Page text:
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June 2017


"If anyone is thirsty, let him come to me"

(John 7.37 REB)

Jesus called out these words to the crowds in the temple, who were attending the Festival of the Tabernacles. This was (and still is) one of the most important Jewish festivals, reminding those worshipping of the time that the nation of Israel spent in the desert, a reminder in ritual of the wanderings following release from slavery. Much of that time was spent in an arid landscape, with water in short supply (see Numbers 20.1-13) .

Part of the ritual of this Festival involved collecting water in a golden pitcher from the pool of Siloam. In this sacred setting of Jewish historical tradition, special and full of symbolism, Christ calls: "Come to me and drink." In effect, Jesus is saying: You are praising and thanking God for the water which quenches your physical thirst . . . but come to Me, if you want water which will slake the thirst of your souls.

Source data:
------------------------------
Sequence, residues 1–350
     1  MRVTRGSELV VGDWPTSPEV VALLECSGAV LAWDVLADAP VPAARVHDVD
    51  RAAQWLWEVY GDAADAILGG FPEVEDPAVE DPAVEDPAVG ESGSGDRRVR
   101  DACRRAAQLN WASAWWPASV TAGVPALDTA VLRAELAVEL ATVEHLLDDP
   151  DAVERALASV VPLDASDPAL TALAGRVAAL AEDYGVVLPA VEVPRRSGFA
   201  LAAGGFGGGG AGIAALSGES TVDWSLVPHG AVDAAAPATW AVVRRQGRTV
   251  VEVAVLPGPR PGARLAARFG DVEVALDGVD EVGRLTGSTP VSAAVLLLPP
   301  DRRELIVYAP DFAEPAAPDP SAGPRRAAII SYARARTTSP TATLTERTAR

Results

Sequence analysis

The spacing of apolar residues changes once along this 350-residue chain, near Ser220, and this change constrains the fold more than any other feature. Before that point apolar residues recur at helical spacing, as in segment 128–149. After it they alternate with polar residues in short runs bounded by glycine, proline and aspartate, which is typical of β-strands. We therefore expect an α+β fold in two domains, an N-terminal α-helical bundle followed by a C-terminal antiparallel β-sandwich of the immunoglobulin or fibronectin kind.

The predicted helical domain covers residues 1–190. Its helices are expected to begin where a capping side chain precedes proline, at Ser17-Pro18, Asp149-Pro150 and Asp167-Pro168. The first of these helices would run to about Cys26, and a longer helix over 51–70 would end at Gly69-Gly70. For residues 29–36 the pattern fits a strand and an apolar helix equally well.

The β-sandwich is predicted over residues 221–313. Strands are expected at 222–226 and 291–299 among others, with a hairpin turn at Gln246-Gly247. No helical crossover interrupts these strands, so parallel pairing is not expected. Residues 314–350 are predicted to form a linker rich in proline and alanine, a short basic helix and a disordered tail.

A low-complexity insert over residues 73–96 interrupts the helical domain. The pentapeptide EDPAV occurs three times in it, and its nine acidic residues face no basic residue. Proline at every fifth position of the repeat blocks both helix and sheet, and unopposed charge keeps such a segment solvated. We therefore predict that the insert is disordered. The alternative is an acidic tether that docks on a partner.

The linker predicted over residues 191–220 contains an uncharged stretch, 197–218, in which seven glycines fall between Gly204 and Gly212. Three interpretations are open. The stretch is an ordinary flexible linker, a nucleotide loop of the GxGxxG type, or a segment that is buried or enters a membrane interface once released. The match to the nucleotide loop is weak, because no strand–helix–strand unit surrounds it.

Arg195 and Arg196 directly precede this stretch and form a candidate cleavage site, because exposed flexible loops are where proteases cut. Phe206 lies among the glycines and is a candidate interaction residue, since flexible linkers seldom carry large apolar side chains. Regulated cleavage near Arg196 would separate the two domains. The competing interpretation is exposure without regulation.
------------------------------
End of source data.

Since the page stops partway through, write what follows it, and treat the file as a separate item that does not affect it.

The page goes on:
This was exquisite timing, dramatic, compelling attention. As with the woman at the well in chapter 4, the wedding at Cana in chapter 3, and the washing of the disciples' feet in chapter 13, Christ uses the analogy and example of water to illustrate the Way. In this symbolism will be found purity, cleanliness, being washed clean, humility, receiving the spirit, and the never-ending love and grace which God pours out for his people.

Water is the vital commodity essential to sustain life. Water can make deserts flourish and blossom, plants to grow and to bear fruit. Water rescues and revives plants dying of thirst. How much more will Living Water achieve for men and women who are flagging, dry, isolated in an arid life, and out of touch with things eternal and spiritual? As people of faith, we shall be aware of the Living Water of Christ, of what it can do, and has done for mankind. We may have clear evidence that it can change and enrich the lives of men and women.

But we must also be the evidence, so that, in the way in which we live, others will approach Christ for a drink of that reviving, nourishing, sustaining water. We are to be the examples. When Jesus calls: "Come, drink," the invitation is now, and for ever.

Note. This month's commentary is adapted from the book "Within Thy Silence" by Martin Tunnicliffe (O-Books 2010). Copies should be available from any bookshop and on the Internet